As the former chief justice for Lewis & Clark’s student government, the Associated Students of Lewis & Clark (ASLC), and current LibTech student representative, I believe in increased compensation for its members. Doing this should be a high priority for the 2021-22 ASLC Senate. They should raise the student body fee, a fee which is charged to every student’s account to fund this compensation increase.
Since 2012, students have paid $180 per semester to the student body fee, which funds ASLC and pays for member compensation. This fee has not been increased in the last nine years. ASLC Senate members and union representatives only receive $50 per semester now.
If ASLC wished to increase compensation for ASLC Senate members to, for example, $400 per semester and for other ASLC members to about $250, then it would only take an increase of $20 per semester in the student body fee to pay for it. I picked these numbers arbitrarily, but the point is not the numbers themselves, but the relatively low per-semester increase in the student body fee. These payments, though not perfect, would be a lot better than what some of the members get now.
Additionally, that increase would leave money to spare that could fund additional, better resources for students. Using the excess revenue from this increased fee, ASLC can allocate more money to the discretionary fund, which in 2020 replaced a textbook subsidy to allow for greater flexibility in helping students fund their college education, or the new COVID-19 test reimbursement fund.
I proposed this solution in December 2020 in an eight-page memo to the vice president of ASLC and chair of the Strategic Direction Task Force, an ad hoc committee meant to reform ASLC and determine a direction for its future. Some raised valid and important concerns about increasing the student body fee because of the increased burden on lower-income students. My response to these concerns in the memo was to use the spare money to fund more student resources for lower-income students, depending on what they need year to year.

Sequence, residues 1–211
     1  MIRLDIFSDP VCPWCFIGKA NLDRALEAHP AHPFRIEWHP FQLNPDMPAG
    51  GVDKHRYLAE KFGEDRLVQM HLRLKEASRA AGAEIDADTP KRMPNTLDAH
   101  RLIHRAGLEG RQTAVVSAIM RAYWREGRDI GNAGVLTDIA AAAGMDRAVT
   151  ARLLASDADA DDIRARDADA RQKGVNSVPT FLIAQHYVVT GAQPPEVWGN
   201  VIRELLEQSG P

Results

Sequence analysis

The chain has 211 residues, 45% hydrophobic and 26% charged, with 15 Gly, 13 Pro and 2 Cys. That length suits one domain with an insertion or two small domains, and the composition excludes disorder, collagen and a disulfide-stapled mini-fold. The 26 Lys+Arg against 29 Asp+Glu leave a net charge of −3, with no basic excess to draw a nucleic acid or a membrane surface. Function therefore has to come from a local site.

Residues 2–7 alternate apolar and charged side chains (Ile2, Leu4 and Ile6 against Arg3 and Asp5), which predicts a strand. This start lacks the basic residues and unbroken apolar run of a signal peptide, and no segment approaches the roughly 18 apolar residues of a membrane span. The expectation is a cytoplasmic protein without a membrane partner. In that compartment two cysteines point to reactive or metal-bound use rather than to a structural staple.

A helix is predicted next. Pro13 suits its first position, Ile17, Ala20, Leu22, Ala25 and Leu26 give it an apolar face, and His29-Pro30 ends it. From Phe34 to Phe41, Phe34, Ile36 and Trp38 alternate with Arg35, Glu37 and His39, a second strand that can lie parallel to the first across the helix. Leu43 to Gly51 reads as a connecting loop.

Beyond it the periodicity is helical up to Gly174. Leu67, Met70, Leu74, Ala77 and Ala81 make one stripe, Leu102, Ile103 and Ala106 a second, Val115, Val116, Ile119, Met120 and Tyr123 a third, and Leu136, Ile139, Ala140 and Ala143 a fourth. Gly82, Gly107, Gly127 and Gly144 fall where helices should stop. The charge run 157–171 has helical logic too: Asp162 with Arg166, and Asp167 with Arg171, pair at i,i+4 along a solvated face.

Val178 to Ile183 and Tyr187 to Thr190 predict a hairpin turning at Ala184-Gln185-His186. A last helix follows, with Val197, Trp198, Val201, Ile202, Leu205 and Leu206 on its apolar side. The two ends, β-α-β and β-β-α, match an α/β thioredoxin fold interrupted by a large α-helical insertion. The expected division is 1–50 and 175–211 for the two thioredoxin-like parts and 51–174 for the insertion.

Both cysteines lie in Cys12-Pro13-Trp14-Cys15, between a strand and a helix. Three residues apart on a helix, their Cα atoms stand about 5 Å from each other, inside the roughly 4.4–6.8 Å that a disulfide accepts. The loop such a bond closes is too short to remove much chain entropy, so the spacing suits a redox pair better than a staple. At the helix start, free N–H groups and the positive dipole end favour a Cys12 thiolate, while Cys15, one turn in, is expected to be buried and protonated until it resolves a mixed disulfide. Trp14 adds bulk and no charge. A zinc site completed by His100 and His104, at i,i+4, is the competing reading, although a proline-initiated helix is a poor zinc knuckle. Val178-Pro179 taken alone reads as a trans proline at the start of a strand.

Others have suggested that the increase in the student body fee be optional, so if a student cannot afford to pay it, they can opt out. Implementing both of these solutions is definitely possible.
Increasing compensation for members of ASLC will make it a more equitable place. It shocks me that this fact has been, and is still, up for debate. Last semester, some noted that ASLC members fill “volunteer” positions. This legally allows ASLC and the college at large to pay its members far below the federal minimum wage in an honorarium payment. Although legal, when did equity and justice end where the law starts? Legality does not determine what is equitable. As such, I find that point entirely moot to what we should consider to be equitable and just.
ASLC must increase compensation for its members as soon as possible. ASLC cannot function without its members, and it is a huge disservice, one I know too well, to pay them so little for so much important work.